Customer satisfaction is all-important, especially in the days of social media, where poor service can severely impact brand reputations among B2B manufacturers. When considering customer satisfaction, it's common to look at front-end factors like service, personalisation, and convenience. Basics like value for money, availability, lead-time, and quality are also essential.
However, customer satisfaction can be driven by mechanisms largely invisible to the end client. Among these, supply chain issues are perhaps the single most important factor in determining price, service level and product availability. But manufacturing supply chains are often complex and may be subject to disruptions that are outside of your direct business control.
So, how are supply chain issues causing problems for your customers, and what can be done to improve them?
Manufacturing Supply Chain Problems
When your supply chain is working like clockwork, product delivery is synchronised, prices are reasonable, and everyone is happy. Supply chain optimisation is a business imperative. Logistical efficiencies, effective navigation of markets and efficient planning pay huge dividends. However, optimum supply chain configuration is only possible in relatively stable conditions.
Recent events have shown us how easily this stability can be disrupted. The Covid pandemic and war in Ukraine have each raised significant challenges for businesses. For the UK and many EU countries, Brexit has also caused difficulties, with logistics and trading with Europe now requiring businesses to update their procedures. For example, customs checks are now required for goods sent between the EU and UK. Businesses need to take on a range of commodity codes specifying quotas, duties, licensing, and labelling requirements and so on. Plus, certification to prove compliance with EU standards is needed at EU borders. Problems with any of these aspects can cause significant delays in transit.
The Covid pandemic has had even wider effects. The suspension of factories internationally has interrupted manufacturing, causing product shortages and bottlenecks that may not be resolved until next year in some cases. And with port closures and transit interruptions, shipping has been significantly affected. As a major exporter, China's zero-Covid policy, especially, has had wide repercussions on international supply chains. International logistics normally achieves its efficiencies within the tightest of schedules, but as shipping containers clog up ports, knock-on effects of loading and unloading, or rerouting to other destinations, can mean delays of weeks or more and add significant costs to the overall project.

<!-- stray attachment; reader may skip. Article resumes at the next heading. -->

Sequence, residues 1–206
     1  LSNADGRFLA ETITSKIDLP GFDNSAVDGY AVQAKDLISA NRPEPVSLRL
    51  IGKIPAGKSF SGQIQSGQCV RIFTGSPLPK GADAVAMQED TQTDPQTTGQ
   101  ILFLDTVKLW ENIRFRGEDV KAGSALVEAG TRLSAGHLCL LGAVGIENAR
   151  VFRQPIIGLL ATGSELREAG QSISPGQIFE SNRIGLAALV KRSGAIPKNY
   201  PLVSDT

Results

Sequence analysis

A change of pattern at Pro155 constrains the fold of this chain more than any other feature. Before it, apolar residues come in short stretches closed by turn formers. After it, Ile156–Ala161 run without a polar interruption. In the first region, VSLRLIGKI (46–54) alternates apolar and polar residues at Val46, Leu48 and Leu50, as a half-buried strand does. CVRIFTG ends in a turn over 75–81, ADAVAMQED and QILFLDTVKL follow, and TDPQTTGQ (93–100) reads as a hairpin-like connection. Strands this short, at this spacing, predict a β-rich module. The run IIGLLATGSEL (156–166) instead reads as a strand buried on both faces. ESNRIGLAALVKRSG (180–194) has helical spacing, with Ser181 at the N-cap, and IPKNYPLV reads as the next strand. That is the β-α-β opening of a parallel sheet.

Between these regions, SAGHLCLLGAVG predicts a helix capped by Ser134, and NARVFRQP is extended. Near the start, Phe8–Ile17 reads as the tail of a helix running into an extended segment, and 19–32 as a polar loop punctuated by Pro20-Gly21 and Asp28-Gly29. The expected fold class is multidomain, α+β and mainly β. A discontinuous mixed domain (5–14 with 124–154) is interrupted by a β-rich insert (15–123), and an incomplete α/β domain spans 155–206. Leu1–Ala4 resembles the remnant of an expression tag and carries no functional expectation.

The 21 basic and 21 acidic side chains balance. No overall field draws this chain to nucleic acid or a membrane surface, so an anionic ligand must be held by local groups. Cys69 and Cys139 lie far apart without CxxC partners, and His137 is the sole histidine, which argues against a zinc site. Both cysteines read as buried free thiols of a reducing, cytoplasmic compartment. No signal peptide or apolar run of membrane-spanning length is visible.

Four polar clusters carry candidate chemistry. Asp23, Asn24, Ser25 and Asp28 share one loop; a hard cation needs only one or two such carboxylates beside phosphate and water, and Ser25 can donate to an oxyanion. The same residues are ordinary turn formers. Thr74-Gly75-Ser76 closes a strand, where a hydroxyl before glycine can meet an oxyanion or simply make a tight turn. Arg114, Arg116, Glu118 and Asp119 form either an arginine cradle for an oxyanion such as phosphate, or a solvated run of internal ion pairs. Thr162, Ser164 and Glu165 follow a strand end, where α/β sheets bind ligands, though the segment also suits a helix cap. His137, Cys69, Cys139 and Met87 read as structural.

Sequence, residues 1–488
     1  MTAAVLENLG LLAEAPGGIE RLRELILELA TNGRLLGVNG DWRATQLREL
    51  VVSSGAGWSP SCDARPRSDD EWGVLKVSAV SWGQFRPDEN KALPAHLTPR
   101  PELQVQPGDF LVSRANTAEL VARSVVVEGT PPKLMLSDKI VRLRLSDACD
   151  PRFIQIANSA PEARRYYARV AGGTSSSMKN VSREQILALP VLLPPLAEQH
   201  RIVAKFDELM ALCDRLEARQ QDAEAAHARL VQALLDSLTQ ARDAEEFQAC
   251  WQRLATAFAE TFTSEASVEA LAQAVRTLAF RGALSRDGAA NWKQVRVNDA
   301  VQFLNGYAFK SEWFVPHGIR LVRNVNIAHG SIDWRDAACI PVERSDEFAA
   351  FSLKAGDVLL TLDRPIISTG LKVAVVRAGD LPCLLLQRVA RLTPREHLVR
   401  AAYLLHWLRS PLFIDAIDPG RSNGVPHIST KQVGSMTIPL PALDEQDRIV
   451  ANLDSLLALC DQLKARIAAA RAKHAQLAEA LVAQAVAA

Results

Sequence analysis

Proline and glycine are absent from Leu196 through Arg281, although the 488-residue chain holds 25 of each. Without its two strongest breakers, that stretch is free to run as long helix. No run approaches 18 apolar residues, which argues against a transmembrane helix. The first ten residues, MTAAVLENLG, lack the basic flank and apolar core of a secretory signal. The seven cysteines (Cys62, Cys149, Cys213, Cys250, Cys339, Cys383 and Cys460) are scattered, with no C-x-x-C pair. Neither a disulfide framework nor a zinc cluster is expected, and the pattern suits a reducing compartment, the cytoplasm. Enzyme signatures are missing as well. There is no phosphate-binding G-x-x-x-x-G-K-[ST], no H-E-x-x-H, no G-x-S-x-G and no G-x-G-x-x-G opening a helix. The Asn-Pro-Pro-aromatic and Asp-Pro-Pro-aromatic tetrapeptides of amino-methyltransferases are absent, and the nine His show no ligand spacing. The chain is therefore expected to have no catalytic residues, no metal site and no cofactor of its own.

Improving Supply Chains
With these difficulties persisting, buyers have encountered their effects as rising prices, limited product availability and unpredictable delivery times. It's not hard to see why customers may become dissatisfied. While there is little that individual businesses can do to prevent the root causes of these disruptions, many are taking preventive actions to improve their customers' experiences.
For example, moving production facilities or industrial logistics closer to home can improve stability. Reshoring to the UK and localisation cut out many of the international factors in supply chain disruption. This isn’t to say that businesses should stop working with international supply partners, but by investing in improved local infrastructures, businesses can secure more resilient supply chains, as well as reduce the cost of logistics and save on carbon emissions.
Benefits For Customer Satisfaction
Temporary disruptions can be weathered, but customers will soon look to other sources if they face unreliability and high prices from their suppliers. There are, however, options that businesses have to improve customer satisfaction by mitigating supply chain risks. With global headwinds continuing, it's wise to consider what improvements you can make, for your customers' benefits and your own.
It is also worth ensuring you continue to look for opportunities on offer as many larger businesses are now on the look out for suppliers closer to home in order to mitigate their own supply disruptions, but these are rarely advertised so research is key, and collaboration and sharing of these opportunities imperative, particularly for SME’s.
For more information about supply chain optimisation and how Hone-All can help you save time and costs, contact us today.